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CPIE Notebook Project - Common Hawaiian Grasses Page 19

Key to Genus Eragrostis Wolf

Grasses of the genus, Eragrostis (commonly called lovegrasses), are small to medium clumping grasses that are relatively easy to recognize in the field if you closely examine the spikelets. Each spikelet typically comprises several to many florets, the latter arranged in a flattened, oval or much elongated "oval" (linear) with the florets tightly imbricate (packed close together, alternating along the rachis; think articulated fish charm). At the base of each spikelet are two, more or less similar, glumes. Each spikelet is attached to a thin pedicel. Species of Poa, Bromus, and a few other genera might be confused with Eragrostis spp., having a somewhat similar arrangement of the florets.

Twentyfour (24) or 25 species of Eragrostis are reported to be present in Hawai‘i (Clayton & Snow, 2010; Imada, 2012); most are not commonly encountered. Ten (10) of the Eragrostis species here are native and all but one, endemic (unique to Hawai‘). Thus, this genus is an important component of the native flora. However, the two most common species in disturbed lowland sites are non-natives: Carolina lovegrass (E. pectinacea, extremely ubiquitous) and Japanese lovegrass (E. amabilis).

panicle of sheepgrass spikelets

Figure 17A. The inflorescence of sheepgrass
 (Eragrostis brownei), here showing nine spikelets typical in form of most Eragrostis species. Note spreading, subequal glumes at base of each spikelet; the glumes are shorter than the first lemma (floret).

90a (88) Inflorescence open, the branches spreading [91]

Inflorescence narrow, spike-like, branches pressed against the culm or at least ascending and contracted, almost forming a column of densely-packed spikelets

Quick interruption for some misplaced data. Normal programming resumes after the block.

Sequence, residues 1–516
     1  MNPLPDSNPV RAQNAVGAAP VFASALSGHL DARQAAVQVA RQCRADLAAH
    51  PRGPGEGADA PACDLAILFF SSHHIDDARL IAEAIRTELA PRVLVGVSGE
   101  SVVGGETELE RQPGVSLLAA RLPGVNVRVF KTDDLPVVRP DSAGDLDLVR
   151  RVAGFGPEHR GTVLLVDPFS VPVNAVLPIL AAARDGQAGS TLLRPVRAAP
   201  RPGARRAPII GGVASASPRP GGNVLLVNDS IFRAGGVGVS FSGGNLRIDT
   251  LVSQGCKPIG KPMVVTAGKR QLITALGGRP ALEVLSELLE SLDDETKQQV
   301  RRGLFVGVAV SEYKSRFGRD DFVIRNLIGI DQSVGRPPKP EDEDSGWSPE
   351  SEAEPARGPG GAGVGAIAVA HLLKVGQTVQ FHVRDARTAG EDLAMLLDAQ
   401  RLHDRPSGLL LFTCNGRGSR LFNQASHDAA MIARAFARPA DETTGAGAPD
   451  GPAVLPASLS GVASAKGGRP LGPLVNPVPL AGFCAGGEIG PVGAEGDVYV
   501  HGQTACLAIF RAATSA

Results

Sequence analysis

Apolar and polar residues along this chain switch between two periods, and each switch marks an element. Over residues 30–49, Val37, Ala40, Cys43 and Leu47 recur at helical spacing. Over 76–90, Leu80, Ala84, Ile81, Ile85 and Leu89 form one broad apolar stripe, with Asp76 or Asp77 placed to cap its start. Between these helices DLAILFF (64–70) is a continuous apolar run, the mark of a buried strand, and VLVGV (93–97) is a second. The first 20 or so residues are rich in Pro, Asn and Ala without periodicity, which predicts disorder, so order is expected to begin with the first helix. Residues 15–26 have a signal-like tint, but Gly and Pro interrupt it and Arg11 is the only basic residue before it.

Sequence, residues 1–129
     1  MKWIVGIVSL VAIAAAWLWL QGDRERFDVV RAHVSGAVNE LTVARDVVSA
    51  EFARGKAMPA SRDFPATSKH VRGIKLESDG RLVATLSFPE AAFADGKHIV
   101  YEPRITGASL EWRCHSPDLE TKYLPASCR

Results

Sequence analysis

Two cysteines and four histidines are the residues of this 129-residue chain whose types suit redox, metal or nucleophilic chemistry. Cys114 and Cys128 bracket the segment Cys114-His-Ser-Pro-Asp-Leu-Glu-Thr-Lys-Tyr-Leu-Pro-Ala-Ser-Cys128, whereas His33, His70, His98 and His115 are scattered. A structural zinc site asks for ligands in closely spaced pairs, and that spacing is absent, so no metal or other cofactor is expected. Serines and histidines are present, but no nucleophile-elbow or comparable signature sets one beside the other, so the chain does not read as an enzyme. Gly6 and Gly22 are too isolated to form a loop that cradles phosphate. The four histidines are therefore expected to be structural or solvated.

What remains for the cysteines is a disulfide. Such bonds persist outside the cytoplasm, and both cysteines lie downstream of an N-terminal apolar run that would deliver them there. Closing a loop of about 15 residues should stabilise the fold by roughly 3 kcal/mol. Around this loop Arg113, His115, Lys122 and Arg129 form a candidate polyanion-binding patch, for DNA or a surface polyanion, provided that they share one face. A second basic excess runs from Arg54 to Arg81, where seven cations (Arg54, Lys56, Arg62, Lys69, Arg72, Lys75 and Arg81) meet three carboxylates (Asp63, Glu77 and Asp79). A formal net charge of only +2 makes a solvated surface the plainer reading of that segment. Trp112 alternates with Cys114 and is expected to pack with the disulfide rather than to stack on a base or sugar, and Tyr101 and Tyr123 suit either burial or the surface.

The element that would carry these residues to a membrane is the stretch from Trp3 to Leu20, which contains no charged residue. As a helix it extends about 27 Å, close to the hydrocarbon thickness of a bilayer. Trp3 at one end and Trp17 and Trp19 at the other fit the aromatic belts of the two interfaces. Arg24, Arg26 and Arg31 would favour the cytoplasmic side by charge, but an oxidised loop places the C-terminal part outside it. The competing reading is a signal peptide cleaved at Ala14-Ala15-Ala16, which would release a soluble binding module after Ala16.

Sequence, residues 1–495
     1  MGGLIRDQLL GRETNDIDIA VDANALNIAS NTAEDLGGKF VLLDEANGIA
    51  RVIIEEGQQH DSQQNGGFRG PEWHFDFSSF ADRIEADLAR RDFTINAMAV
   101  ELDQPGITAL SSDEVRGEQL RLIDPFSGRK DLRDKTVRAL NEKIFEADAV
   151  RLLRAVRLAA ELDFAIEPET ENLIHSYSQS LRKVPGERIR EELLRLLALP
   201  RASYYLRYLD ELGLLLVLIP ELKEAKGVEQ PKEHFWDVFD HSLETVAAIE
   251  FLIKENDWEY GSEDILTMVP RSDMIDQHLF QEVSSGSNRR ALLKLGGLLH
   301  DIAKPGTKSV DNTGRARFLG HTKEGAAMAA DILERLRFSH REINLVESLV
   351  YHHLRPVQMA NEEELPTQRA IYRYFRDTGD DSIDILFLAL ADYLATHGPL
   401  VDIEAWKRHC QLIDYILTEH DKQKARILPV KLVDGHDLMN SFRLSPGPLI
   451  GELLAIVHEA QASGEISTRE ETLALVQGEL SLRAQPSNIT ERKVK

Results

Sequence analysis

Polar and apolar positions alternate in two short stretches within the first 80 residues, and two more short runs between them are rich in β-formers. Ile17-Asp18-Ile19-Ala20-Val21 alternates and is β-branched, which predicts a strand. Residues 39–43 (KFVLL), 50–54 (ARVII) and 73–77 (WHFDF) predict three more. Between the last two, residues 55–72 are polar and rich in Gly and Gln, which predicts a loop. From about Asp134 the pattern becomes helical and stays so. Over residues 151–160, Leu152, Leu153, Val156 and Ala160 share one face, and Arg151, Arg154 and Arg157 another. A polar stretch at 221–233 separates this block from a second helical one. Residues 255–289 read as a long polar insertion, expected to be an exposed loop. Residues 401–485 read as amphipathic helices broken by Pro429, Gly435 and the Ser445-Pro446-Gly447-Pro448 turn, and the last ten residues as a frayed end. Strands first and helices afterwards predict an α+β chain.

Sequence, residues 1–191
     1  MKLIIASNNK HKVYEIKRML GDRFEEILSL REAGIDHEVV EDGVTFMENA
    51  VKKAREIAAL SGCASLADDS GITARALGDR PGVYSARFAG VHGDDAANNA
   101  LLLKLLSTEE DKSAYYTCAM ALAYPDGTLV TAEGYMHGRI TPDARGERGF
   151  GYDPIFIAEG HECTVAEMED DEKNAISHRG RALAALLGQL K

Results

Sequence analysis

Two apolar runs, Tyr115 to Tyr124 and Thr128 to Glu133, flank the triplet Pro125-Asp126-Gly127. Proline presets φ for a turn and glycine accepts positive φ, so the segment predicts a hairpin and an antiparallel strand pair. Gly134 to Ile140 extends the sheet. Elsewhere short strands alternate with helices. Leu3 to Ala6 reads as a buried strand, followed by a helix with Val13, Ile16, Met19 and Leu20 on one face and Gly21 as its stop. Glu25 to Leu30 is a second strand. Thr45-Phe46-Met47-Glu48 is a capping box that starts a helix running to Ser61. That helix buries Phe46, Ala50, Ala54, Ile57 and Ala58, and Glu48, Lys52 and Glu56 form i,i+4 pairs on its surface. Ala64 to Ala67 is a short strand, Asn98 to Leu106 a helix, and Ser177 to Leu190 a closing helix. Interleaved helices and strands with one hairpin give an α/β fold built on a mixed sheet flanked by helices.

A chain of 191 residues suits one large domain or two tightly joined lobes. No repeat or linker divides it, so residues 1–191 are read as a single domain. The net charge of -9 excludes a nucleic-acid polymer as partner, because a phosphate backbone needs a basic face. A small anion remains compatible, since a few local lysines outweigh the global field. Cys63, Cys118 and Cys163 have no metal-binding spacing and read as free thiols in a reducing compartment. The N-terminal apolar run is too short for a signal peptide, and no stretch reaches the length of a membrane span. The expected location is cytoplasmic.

91a (90) Spikelets very small, less than 1/8 in (3 mm) across and 1/3 in (0.8 cm) long [92]

Individual spikelets larger, at least 1/8 in (3 mm) across and 1/4 in (1 cm) long

92a (91) Spikelets 4 to 6 flowered, slightly longer than wide (~1/16 in or 2 mm long). Small grass of dry areas and disturbed sites. Japanese lovegrass. [NAT]

Eragrostis amabilis (L.) Wight & Arnott

Spikelets 5 to 18 flowered, at least twice as long as wide (1/8 to 1/3 in (3 to 8 mm)) long. Small grass of moist to wet, disturbed sites. Carolina lovegrass. [NAT]

Eragrostis pectinacea (Michx.) Nees
93a (91) Some or all mature spikelets with more than 30 florets, linear in shape. Medium grasses, culms usually erect [95]

Mature spikelets all with fewer than 30 florets, typically 10 to 15 more or less, oval or elongated oval in shape. Usually small grasses, culms typically prostrate or decumbant, sometimes erect

94a (93) Magnifying Lens Glumes aristate: having a small prolonged tip or short awn. Sheepgrass. (Fig. 17A) [NAT]
Eragrostis brownei (Kunth) Nees ex Steud.

Glumes obtuse or acuminate (coming to a sharp-angled tip), but not aristate

98a (90) Spikelets hairy, margins of lemmas fringed with long cilia, keels scabrous; glumes lacking hairs, although keels scabrous with curved "hairs". Glumes subequal, shorter than first lemma. Spikelets 3-4 mm long. {Small, annual, clumping grass in dry areas. [NAT]
? Eragrostis ciliaris (L.) R. Br. Kunth


Spikelets not as above, not fringed with hairs.

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Species of Eragrostis reported to be in Hawai‘i
  but not covered in this key; and some synonyms:

    E. atropioides Hillebr.
    E. cilianensis (All.) Link
    E. ciliaris (L.) R. Br.
    E. deflexa Hitchc.
    E. fosbergii Whitney
    E. grandis Hillebr.
    E. leptophylla Hitchc.
    E. leptostachya (R. Br.) Steud. (syn.: E. hosakai Degener)
    E. mauiensis Hitchc.
    E. monticola (Gaud.) Hillebr.
    E. paupera Jedwabn.
    E. tenella (L.) P. Beauv. (= E. amabilis)
    E. variabilis (Guad.) Steud.

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